Method of execution: The punishment was to be burnt to death. This was a terrible punishment as it meant that the victims would not be able to pass into the afterlife. Instead their ashes would be scattered to the winds and trampled underfoot. The choice of suicide usually ended with poison.

These are the parents of
Rameses the III Team Leader- Geaography Expert Other Information archeologist:
map of the tomb which rameses the III was
buried (which was in the valley of king) pictures: A presentation made By: Sa'naysha (team leader),
Christopher (geography expert),Lexy (scribe) and
Kenleigh(archeaologist) Ramses III was also known as Rameses and Ramesses which are alternative spellings of the name
Egyptian Period / Kingdom: New Kingdom
Dynasty: Ramses III ruled in the Twentieth Egyptian Dynasty
Name of Previous Pharaoh: Setnakhte 1186 BC – 1182 BC
Years of Reign: 1182 BC – 1151 BC
Succeeded by: Ramses IV 1151 BC – 1145 BC
Father and Mother: His father was the previous Pharaoh Setnakhte and his mother was Queen Tiy-merenese

Name of Egyptologist who discovered the burial site, or tomb, of Ramses III: Bruce's Tomb named after James Bruce who entered the tomb in 1768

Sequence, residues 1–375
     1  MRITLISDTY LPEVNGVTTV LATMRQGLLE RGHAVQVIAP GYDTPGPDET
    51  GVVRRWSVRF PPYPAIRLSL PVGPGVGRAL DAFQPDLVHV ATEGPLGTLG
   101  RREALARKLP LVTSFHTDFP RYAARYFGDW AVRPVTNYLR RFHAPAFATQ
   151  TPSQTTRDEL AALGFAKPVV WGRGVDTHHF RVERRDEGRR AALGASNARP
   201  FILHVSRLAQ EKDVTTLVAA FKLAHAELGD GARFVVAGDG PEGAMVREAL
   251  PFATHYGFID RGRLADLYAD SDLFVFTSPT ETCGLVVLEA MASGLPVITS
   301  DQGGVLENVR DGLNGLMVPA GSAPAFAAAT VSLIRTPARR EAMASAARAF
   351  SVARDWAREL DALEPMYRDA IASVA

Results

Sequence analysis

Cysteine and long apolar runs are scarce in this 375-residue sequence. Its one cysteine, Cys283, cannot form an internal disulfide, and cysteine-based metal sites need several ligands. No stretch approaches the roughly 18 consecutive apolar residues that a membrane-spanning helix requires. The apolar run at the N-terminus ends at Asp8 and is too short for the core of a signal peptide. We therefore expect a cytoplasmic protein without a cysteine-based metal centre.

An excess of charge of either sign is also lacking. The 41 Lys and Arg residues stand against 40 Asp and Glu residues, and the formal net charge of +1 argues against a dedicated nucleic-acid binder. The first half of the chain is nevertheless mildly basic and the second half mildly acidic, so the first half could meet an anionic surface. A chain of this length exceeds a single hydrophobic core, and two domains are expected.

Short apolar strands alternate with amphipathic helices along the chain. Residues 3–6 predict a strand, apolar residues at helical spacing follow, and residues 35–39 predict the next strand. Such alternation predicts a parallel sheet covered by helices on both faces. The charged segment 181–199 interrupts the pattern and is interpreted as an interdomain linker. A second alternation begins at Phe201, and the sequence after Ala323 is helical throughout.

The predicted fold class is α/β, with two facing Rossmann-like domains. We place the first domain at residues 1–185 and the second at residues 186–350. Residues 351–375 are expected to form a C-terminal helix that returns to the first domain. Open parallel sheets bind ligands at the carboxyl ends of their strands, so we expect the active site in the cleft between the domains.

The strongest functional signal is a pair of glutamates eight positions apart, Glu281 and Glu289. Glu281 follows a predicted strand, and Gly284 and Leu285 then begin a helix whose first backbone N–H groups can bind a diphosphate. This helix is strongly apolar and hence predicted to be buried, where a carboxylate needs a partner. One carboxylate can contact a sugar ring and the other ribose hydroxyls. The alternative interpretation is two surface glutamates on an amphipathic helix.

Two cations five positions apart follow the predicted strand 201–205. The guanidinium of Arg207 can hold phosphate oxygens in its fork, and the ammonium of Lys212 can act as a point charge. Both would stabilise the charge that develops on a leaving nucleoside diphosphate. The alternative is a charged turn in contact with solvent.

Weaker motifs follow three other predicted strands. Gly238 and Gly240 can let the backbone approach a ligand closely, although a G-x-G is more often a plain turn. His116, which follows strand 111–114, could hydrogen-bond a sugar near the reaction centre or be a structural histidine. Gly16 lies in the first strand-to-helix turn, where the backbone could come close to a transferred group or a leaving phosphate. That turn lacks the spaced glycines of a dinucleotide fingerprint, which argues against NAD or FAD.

Biography and accomplishments or why Ramses III was famous: Pharaoh Ramses III was the second king of the 20th Dynasty ruling during a turbulent time in Ancient history which included the Trojan War. During his reign there were economic problems and the workmen at Deir el-Medina were not paid which lead to the first general strike in recorded history. The tomb is 125 meters long and follows typical plans of the Nineteenth Dynasty's tombs, though it has an unusual number of annexes. From the entrance, a stairway leads to the first corridor, which has an annex on either side. This corridor leads directly two a second corridor that has four small annexes on either side. The second corridor leads to a dead end room, but with a third corridor leading off from the right side. This change in axis was due to the fact that workmen came across Amenemesses' tomb and so were required to make adjustments to avoid it. Up to the point of this change in axis, the tomb was actually built for Setnakht, who apparently abandoned the work at this point. Ramesses III offset the tomb, and continued the work as his own. Unknown Man E: There is some speculation that the mummy called 'Unknown Man E' found in 1881 in Tomb DB320 along with Ramses III and a cache of ten other pharaohs is in fact the mummy of Pentaweret. The face of this mummy is contorted into a terrible grimace, as if he were screaming, and the muscles of his abdomen were severely constricted. His organs had not been removed, preventing his existence in the afterlife. Was he buried alive? Did he die of poison? Was the mummy Pentaweret? No one knows for sure... Scribe: